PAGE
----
26. Piety

Charlemagne was fervently devoted to Christian principles, which had been instilled into him from infancy. He built the beautiful church at Aix-la-Chapelle, which he adorned with gold and silver and lamps, and with rails and doors of solid brass. He had the columns and marbles brought from Rome and Ravenna, as he could not find suitable ones anywhere else. He worshipped there constantly as long as his health permitted, going morning and evening, even at night, besides attending mass. He made sure that all services there conducted properly in every way, and often warned the sextons not to let anything improper to be brought into the building. He provided many sacred vessels of gold and silver, and so many clerical robes that not even the lowliest doorkeepers had to wear their everyday clothes. He took great pains to improve reading and singing there, for he was well skilled in both although he never read in public, or sang except quietly along with the congregation.

27. Charlemagne and the Roman Church

Charlemagne gave a great deal of charity to the poor, and not only in his own country. Wherever he heard that there were Christians living in poverty — Syria, Egypt, Africa, Jerusalem, Alexandria, Carthage — he had compassion on them, and sent money over the seas to them. This is why he strove to make friends with foreign kings, so that he could give relief to the Christians living under their rule.

He cherished the Church of St. Peter at Rome above all other holy places, and heaped its treasury with a vast wealth of gold, silver, and precious stones. He sent countless large gifts to the popes; and throughout his whole reign his most heartfelt wish was to re-establish the ancient authority of Rome under his care and by his influence, and to defend and protect St. Peter’s, beautifying and enriching it himself above all other churches. But though he held it in such veneration, he only went to Rome to say his vows and prayers four times during the whole of his forty-seven-year reign.

28. Charlemagne Crowned Emperor

His last journey there had another purpose though. Pope Leo had been mutilated by the Roman people who tore out his eyes and cut out his tongue, and he had called upon the King for help. Charlemagne accordingly went to Rome to set these affairs of the Church in order, because all was in confusion, and he spent the whole winter there. It was then that he was given the title of Emperor and Augustus. At first he had such an aversion to the title that he declared that he would not have set foot in the Church on the day they were conferred if he had known what the Pope intended, even though it was a great feast day. [Christmas 800]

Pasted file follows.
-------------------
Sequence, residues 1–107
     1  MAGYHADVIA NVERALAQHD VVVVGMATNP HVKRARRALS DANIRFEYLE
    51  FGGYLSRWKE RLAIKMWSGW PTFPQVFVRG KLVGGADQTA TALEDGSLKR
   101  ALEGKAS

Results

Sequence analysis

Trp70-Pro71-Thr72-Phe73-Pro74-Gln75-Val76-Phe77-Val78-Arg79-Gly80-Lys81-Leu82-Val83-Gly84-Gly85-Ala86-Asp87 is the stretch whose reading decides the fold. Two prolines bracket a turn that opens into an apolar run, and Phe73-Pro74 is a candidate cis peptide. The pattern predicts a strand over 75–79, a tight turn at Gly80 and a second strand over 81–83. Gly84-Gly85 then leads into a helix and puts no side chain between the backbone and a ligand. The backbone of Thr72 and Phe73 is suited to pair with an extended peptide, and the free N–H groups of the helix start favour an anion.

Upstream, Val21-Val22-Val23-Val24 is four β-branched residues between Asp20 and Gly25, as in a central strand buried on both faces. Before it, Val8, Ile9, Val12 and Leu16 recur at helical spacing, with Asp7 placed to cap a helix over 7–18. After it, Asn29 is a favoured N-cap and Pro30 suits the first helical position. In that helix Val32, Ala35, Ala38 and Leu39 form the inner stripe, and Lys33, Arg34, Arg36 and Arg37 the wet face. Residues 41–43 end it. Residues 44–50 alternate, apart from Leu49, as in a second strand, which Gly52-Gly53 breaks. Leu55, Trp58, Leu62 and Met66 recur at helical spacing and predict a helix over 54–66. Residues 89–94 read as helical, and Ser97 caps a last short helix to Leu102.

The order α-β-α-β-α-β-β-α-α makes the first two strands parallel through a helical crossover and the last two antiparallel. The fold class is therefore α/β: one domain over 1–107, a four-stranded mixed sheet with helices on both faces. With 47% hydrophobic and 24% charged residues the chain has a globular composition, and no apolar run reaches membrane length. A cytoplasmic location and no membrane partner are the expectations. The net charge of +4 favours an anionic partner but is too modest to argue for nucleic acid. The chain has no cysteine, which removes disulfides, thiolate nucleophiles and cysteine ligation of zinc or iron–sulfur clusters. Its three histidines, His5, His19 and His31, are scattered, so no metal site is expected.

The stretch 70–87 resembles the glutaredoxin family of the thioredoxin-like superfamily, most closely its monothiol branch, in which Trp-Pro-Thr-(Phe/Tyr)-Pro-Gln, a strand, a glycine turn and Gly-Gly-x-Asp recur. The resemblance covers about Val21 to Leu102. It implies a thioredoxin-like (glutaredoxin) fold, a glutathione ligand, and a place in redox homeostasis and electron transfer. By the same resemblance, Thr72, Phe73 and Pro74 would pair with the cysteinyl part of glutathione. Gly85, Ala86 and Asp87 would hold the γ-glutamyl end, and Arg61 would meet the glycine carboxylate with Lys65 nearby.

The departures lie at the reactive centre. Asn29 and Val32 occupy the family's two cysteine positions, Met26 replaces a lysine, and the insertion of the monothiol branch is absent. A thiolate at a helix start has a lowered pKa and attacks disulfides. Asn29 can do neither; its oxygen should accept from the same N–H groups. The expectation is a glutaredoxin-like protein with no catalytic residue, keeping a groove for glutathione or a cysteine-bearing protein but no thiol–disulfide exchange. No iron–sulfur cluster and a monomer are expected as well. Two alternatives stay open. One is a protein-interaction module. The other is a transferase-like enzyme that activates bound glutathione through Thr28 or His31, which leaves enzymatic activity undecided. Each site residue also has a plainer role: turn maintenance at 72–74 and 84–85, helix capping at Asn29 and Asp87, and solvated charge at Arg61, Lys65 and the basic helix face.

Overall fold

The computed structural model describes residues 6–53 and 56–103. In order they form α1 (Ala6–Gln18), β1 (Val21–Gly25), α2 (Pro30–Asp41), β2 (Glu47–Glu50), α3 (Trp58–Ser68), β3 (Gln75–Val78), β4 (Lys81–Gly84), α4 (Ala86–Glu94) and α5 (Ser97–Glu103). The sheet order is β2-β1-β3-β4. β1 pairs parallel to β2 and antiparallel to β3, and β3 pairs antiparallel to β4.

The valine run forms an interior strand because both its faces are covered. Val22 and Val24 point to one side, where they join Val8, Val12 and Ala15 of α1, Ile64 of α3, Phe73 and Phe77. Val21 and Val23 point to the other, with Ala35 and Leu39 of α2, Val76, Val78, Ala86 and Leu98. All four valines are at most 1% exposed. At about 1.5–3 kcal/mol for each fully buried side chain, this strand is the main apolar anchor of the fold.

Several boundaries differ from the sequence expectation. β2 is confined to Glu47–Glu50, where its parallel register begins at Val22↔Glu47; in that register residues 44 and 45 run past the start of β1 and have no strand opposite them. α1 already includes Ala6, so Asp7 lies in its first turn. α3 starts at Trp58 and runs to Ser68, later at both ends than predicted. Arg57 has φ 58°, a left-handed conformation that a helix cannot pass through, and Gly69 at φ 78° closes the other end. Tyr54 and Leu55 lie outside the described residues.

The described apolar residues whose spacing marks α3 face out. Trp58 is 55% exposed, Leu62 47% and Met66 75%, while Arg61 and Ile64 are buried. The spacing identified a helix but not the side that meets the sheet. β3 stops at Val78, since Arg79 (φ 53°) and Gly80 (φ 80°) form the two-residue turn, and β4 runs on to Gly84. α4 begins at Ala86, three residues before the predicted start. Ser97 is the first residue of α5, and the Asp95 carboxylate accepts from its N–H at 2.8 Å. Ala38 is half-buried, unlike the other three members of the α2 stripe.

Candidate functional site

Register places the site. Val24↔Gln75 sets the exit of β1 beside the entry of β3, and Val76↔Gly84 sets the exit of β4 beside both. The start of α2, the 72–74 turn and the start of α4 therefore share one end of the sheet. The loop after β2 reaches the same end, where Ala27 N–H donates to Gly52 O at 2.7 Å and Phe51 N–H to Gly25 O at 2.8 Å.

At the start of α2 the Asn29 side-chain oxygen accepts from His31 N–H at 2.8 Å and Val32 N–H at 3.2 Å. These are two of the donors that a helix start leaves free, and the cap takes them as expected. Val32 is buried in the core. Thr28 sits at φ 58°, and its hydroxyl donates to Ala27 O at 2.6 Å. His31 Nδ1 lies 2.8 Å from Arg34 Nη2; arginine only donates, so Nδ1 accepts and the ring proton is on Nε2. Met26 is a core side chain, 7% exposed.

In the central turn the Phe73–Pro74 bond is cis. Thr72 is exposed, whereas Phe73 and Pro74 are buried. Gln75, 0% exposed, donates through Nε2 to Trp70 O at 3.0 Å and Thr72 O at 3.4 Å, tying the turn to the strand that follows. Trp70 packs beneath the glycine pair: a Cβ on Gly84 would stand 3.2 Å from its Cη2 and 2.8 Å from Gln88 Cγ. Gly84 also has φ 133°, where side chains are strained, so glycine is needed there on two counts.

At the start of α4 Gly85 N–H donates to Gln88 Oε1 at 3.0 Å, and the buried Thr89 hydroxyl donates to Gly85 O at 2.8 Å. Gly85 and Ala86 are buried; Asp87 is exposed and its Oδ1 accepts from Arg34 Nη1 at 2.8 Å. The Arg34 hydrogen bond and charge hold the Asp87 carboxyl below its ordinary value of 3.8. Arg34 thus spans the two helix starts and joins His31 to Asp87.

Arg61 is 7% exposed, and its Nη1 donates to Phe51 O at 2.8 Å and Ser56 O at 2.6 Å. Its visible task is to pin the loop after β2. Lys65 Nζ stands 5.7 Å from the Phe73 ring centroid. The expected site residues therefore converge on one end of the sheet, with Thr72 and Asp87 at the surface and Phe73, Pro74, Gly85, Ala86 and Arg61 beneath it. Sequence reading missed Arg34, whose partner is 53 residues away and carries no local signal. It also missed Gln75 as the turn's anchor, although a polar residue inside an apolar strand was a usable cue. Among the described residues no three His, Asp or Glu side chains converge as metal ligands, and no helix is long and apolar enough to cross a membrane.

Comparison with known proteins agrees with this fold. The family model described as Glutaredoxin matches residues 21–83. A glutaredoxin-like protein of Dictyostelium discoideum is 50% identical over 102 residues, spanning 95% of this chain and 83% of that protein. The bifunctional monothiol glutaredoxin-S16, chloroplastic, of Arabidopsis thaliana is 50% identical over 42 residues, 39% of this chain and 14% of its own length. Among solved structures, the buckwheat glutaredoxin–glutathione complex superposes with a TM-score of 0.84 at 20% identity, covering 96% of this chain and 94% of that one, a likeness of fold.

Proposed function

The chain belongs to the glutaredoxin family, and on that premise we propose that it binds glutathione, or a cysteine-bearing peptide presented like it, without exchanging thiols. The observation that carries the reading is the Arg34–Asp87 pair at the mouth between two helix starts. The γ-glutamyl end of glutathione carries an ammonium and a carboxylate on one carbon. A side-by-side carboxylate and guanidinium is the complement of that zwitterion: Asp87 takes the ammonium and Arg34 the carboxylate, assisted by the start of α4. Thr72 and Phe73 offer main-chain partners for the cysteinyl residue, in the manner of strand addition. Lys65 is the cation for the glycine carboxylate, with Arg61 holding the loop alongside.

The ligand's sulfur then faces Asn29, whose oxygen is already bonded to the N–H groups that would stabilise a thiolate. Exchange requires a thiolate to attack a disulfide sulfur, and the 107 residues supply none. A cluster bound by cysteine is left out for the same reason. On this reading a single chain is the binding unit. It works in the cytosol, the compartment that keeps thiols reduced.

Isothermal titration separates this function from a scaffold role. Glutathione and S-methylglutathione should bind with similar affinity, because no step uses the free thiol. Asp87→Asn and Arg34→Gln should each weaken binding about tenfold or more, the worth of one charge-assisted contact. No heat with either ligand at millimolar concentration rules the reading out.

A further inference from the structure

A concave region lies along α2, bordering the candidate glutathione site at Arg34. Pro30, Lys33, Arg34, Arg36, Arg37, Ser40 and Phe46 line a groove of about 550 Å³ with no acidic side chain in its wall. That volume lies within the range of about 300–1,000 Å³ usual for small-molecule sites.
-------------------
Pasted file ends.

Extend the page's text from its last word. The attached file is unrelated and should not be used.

The Roman emperors were unhappy about his taking this title, but he bore their jealousy very patiently. Through frequent embassies and letters, in which he addressed them as brothers, he made their haughtiness give way to his magnanimity, a quality in which he was unquestionably much their superior.

29. Reforms

After receiving the title of Emperor, Charlemagne realized that the laws of his people were defective. The Franks have two completely different sets of laws, and he decided to add what was missing, sort out the discrepancies, and correct what was wrong. He never got very far with this project, but he had the unwritten laws of all the tribes under his rule to be written up. He also had the old songs celebrating the deeds and wars of ancient kings written out for posterity.

30. Charlemagne’s Death

Toward the close of his life [813], broken by ill-health and old age, he summoned his son Louis, King of Aquitaine, and gathered together all the chief men of the whole kingdom of the Franks in a solemn assembly. He appointed Louis, with their unanimous consent, to rule with himself over the whole kingdom and made him heir to the imperial title.

He spent the rest of the autumn hunting, and in January he was struck with a high fever, and took to his bed. As soon as he was taken sick, he decided to abstain from food, as he always had done when he had a fever, hoping that the disease could be driven off, or at least mitigated, by fasting. Besides the fever, he suffered from pleurisy, but he still persisted in fasting, and in keeping up his strength only by the occasional drink. He died 28 January, seven days after he took to his bed, at nine o'clock in the morning, after receiving holy communion, at the age of seventy-two and having reigned for forty-seven years.

Bible Verses

1 Samuel 8
Psalm 72
Haggai 1:1—8, 14—15
Matthew 5:38—48
Romans 13:1—7

Study Questions